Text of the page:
The title to the State Capital Publishing Museum appears it will once again rest in the arms of Guthrie. A local nonprofit group has an agreement in place to acquire the State Capital Publishing Co. building from the Oklahoma Historical Society.
The plan is to save the building, continue a portion of the building as a newspaper and printing museum and put it back to use for the community.
The Guthrie Tomorrow Coalition Inc. needed nearly 10 months to come to an agreement on the four-story, 50,000 square foot building. The structure, constructed in 1902, was one of the first buildings in Oklahoma to be listed on the National Register of Historic Places.
The 116-year-old building, located on the corner of 1st Street and Harrison Ave., was donated to the Oklahoma Historical Society (OHS) in 1975 by the Guthrie Chamber of Commerce.
A 2016 law required the Oklahoma Historical Society to first offer to sell surplus property to the original donor (Chamber). However, last year, the Chamber board of directors voted to relinquish the building and leading the path for the nonprofit to take over.
Obtaining ownership is the first phase of the project as the estimated cost to repair the building stands at approximately $4 million.
More details are expected to be revealed on the transaction. Bob Blackburn, executive director of the historical society, told The Oklahoman the transaction will be an in-kind purchase based on a property appraisal. When a certain level of improvements is made to the building, title will be transferred to the nonprofit.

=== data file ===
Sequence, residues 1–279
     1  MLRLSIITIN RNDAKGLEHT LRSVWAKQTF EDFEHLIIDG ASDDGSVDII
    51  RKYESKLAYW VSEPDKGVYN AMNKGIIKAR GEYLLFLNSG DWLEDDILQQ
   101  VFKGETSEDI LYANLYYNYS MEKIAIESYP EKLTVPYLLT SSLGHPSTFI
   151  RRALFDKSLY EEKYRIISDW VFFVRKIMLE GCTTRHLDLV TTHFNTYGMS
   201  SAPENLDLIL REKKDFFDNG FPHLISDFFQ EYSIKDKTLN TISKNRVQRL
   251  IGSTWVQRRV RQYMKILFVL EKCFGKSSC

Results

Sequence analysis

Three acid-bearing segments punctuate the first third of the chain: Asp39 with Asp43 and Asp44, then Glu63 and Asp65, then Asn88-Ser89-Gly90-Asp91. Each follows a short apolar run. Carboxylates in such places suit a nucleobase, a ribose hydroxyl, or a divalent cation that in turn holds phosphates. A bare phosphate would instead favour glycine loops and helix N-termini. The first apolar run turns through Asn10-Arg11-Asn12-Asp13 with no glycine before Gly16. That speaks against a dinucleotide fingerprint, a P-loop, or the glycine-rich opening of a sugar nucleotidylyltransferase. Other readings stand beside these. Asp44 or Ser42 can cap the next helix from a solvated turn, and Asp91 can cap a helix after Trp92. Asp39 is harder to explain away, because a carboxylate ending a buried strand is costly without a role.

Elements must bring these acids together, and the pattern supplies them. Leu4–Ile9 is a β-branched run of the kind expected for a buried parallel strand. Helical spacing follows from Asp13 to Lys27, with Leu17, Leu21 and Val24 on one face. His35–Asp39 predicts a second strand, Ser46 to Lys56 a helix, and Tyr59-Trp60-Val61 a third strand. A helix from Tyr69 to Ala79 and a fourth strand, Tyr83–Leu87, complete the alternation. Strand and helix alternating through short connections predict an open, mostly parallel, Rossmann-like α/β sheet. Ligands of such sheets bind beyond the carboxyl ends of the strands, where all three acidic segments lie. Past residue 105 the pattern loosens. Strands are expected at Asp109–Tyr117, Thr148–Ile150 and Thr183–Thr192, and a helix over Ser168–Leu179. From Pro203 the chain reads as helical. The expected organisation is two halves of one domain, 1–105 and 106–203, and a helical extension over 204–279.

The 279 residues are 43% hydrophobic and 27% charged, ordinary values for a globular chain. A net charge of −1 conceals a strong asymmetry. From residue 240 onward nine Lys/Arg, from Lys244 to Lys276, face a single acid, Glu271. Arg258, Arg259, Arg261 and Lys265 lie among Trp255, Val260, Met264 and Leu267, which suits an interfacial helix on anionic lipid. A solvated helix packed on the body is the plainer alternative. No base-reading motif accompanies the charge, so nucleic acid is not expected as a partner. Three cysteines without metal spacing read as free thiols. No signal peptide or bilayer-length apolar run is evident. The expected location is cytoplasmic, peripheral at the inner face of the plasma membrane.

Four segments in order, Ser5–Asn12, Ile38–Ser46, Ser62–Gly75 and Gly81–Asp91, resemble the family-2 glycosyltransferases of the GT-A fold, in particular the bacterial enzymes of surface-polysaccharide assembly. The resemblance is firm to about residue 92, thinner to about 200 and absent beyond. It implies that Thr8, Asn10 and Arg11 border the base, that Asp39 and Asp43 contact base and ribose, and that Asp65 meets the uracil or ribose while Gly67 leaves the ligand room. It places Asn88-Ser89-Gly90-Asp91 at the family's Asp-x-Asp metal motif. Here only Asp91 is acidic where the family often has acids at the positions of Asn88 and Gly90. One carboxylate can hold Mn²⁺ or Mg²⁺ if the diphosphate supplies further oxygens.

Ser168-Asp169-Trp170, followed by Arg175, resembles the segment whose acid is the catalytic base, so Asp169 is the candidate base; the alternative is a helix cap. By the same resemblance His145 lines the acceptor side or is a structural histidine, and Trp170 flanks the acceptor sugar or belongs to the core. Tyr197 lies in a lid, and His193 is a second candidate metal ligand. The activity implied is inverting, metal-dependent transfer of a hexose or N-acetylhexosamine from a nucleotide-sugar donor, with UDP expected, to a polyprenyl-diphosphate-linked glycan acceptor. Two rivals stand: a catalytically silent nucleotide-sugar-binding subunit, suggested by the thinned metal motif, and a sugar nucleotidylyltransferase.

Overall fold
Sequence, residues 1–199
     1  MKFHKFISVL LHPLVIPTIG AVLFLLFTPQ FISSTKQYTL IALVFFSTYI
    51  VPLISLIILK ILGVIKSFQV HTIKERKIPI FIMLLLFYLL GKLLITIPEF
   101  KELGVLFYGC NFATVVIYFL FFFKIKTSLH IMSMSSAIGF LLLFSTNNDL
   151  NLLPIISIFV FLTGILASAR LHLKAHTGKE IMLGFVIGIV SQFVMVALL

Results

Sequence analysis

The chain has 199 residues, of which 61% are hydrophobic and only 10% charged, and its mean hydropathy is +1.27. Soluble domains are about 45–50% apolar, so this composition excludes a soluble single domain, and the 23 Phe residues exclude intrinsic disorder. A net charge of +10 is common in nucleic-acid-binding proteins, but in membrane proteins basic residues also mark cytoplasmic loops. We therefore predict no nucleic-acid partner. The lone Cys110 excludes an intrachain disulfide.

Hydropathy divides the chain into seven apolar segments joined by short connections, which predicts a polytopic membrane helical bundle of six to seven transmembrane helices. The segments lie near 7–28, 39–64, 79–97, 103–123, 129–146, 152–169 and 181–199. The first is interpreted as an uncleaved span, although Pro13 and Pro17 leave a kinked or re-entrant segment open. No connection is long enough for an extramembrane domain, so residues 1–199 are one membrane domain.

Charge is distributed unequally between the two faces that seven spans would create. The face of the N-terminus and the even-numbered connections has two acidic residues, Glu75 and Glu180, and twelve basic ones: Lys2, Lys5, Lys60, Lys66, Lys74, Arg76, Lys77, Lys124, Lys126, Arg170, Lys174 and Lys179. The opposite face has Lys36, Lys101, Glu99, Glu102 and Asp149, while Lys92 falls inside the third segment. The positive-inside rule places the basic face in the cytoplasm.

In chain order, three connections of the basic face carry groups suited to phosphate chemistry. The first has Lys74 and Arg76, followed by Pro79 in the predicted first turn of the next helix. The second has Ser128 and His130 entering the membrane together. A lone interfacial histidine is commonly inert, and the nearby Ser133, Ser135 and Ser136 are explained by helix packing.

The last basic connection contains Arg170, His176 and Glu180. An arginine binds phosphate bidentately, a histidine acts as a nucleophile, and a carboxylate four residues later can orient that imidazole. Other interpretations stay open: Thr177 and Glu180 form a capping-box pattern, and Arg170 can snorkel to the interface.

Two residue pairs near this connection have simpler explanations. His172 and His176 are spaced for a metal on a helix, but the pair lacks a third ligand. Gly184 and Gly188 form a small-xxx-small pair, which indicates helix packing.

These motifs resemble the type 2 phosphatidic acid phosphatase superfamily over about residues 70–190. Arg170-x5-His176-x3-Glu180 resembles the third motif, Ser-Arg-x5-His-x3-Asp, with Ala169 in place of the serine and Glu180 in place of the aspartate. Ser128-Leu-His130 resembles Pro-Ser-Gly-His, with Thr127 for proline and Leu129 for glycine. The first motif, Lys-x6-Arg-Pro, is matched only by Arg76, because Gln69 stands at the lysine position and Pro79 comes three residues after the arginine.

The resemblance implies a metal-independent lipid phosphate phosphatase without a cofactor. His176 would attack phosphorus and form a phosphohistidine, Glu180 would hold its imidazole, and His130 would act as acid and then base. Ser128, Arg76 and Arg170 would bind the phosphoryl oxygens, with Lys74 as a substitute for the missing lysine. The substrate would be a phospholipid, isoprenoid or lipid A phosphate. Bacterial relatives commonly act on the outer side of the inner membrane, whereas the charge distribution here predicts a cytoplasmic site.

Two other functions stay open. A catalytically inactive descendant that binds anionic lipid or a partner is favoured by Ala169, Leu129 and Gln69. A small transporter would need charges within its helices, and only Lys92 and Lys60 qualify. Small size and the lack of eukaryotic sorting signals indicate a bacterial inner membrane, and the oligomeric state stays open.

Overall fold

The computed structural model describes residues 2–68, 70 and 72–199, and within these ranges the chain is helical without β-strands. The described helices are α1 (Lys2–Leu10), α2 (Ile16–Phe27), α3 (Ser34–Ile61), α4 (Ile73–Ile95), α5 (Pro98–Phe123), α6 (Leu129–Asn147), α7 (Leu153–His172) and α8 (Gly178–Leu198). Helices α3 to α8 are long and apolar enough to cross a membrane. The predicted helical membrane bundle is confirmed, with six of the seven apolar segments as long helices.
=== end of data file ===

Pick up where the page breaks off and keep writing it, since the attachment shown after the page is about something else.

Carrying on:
The nonprofit, led by CEO Lynn Bilodeau and Chairman Jan Goodyear, will look to develop revenue from the property, to pay for repairing and operating it, maybe by leasing parts of it to comparable organizations or businesses.
A ceremony is planned June 27 during a Chamber Coffee meeting on the steps of the building at 301 W Harrison Ave.
In 2012, with a lack of funding to replace a broken boiler, the museum closed indefinitely. Related article: State Capital Publishing Museum closed indefinitely
In 2016, the Guthrie Planning Commission recommended not to issue a special permit to allow construction of a multi-family development in the historic building. Related article: Planning Commission denies recommendation for downtown apartments